“The Fed is in panic mode. The massive credibility chasms down which the Fed and maybe even the ECB will plummet when they fail to hike rates in the face of higher inflation will combine to give us a big sell-off in risky assets,” he said.

Kit Jukes, RBS’s head of debt markets, said Europe would not be immune. “Economic weakness is spreading and the latest data on consumer demand and confidence are dire. The ECB is hell-bent on raising rates…

Ultimately, the bank expects the oil price spike to subside as the more powerful force of debt deflation takes hold next year.

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6 comments

  1. Anonymous

    “but at attack on Iran would send already high oil prices to ghastly levels”

    Wouldn’t even have to be that extreme, a hurricane in the gulf would probably do it. July and August are almost here and with La Nina this could get real nasty.

  2. Anonymous

    With some peak oil observers stating the deletion may be 8-10% in the next decade, it will take quite a bit of demand destruction just to keep oil prices from rising. For oil to fall, the global economy must fall into a severe recession.

    The stock market is boxed into a horrible corner.

  3. Jojo

    hee, hee.

    CNBC has been all over this tonight. And seems many of the “pundit” guests are saying “no way Jose”, “Can’t happen”, “Wont’ happen”, etc.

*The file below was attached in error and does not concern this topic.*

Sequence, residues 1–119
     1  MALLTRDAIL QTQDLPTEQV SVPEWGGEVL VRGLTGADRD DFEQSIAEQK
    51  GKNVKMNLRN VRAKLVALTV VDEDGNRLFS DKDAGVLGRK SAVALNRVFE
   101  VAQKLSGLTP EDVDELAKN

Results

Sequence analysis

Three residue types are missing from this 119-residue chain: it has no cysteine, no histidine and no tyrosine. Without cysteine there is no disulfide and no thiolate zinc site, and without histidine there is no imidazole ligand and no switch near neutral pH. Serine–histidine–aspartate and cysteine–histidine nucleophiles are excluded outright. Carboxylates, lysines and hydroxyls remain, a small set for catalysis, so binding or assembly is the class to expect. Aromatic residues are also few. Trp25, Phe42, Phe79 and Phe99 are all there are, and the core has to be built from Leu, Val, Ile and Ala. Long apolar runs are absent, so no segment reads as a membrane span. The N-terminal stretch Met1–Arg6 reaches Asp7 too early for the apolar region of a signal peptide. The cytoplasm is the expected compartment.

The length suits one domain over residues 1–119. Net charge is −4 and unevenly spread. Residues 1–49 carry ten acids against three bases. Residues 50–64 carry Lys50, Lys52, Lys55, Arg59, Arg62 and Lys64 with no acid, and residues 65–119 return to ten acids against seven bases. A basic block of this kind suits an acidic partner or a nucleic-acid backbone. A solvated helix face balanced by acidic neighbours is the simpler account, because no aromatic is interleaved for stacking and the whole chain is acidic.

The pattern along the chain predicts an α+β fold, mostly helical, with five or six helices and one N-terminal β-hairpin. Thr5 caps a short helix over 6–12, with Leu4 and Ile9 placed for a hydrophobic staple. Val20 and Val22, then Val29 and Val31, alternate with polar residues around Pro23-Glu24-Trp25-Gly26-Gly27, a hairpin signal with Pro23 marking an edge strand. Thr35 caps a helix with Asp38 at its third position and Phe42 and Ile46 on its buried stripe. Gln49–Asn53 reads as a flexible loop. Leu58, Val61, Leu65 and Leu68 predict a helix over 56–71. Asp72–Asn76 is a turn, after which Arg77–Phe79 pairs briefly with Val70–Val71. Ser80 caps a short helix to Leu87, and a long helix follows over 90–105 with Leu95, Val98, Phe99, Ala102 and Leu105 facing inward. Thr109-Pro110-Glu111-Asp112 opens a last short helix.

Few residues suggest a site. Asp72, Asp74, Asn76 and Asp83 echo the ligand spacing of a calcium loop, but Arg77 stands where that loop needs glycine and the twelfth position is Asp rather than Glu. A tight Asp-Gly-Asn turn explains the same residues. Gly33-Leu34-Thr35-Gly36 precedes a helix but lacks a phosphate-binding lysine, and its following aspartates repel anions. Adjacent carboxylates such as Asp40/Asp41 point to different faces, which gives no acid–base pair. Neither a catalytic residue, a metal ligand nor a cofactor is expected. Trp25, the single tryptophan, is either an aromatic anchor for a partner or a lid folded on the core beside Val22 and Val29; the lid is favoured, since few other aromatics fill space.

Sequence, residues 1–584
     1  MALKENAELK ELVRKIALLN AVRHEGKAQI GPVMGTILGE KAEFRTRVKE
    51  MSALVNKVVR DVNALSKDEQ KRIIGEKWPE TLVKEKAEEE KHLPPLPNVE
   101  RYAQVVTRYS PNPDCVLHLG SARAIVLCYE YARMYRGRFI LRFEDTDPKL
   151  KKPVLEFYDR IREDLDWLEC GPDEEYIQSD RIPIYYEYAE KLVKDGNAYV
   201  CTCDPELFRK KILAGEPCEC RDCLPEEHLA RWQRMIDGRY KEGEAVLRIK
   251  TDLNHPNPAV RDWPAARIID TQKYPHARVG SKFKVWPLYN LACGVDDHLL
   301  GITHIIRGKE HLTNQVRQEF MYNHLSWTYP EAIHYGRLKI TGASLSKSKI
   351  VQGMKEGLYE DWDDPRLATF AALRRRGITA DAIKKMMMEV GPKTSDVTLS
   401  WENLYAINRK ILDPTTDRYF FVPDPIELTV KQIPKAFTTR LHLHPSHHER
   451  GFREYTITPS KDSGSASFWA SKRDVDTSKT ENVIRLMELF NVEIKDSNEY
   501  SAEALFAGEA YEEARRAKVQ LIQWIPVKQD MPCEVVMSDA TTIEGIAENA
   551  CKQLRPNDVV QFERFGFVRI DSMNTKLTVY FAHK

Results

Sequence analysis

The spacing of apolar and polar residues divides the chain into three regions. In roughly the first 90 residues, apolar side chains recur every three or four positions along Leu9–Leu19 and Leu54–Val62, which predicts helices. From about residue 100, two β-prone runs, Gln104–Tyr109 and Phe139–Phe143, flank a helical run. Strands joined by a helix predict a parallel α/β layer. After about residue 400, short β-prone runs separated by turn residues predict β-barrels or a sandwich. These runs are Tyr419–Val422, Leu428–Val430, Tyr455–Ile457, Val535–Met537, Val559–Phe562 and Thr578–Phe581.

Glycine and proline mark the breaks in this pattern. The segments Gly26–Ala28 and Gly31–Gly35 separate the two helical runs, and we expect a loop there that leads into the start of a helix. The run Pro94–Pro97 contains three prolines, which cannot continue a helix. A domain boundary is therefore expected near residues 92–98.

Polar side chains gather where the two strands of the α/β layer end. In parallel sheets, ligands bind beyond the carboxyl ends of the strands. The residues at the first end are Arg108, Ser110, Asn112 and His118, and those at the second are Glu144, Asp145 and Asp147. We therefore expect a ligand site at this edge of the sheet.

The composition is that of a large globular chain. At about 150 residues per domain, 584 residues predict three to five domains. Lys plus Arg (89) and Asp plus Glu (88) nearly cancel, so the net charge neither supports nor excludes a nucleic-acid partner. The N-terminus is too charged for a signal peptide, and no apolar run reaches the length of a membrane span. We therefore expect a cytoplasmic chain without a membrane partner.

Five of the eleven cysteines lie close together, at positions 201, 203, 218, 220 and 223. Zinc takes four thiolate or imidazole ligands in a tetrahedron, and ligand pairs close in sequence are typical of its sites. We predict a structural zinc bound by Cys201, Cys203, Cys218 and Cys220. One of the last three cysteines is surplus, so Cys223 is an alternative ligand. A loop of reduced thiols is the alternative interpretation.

It is a gutsy call though. A lot of their clients are going to be very upset if this predicted crash doesn’t happen by September/October.

    And if it does, it will certainly throw the election into turmoil. Voters will be head hunting for sure.

  4. Jojo

    And why can’t you anonymous people choose and use a name when making your comments?

    Just click the name/url button andyou’ll get a box to fill in with anything you want. Makes it easier to reference a prior comment that way.

  5. mxq

    Yves point about the Heisenberg uncertainty principle is spot-on. The very essence of a “crash” (aka a black swan) is that you can’t predict it. 9/11, the 1987portfolio insurance run and LTCM couldn’t be seen until after the fact.

    btw…”focus on quality…non-cyclical…names”…

    isn’t that be true in any environment? Put another way, does the note to clients really have to drop a “crash” bomb to convince them of this?

  6. Richard Kline

    I have no read on whether the time frame is three months or nine, or over three to nine, but I would be flabbergasted if we don’t have an equities decline of a quarter, or even a third to the trough. There is so much not to like, nothing to like, and too many historical parallels for the kind of box the US macro economy is in for the numbers to remain where we are. We made it past a point in late May-early June where we could have had that kind of correction, so the idea that deterioration could begin to bite by mid-July is something I see as well-phased. But we may not see this hit until October, just as likely. Will it happen? Bet on it.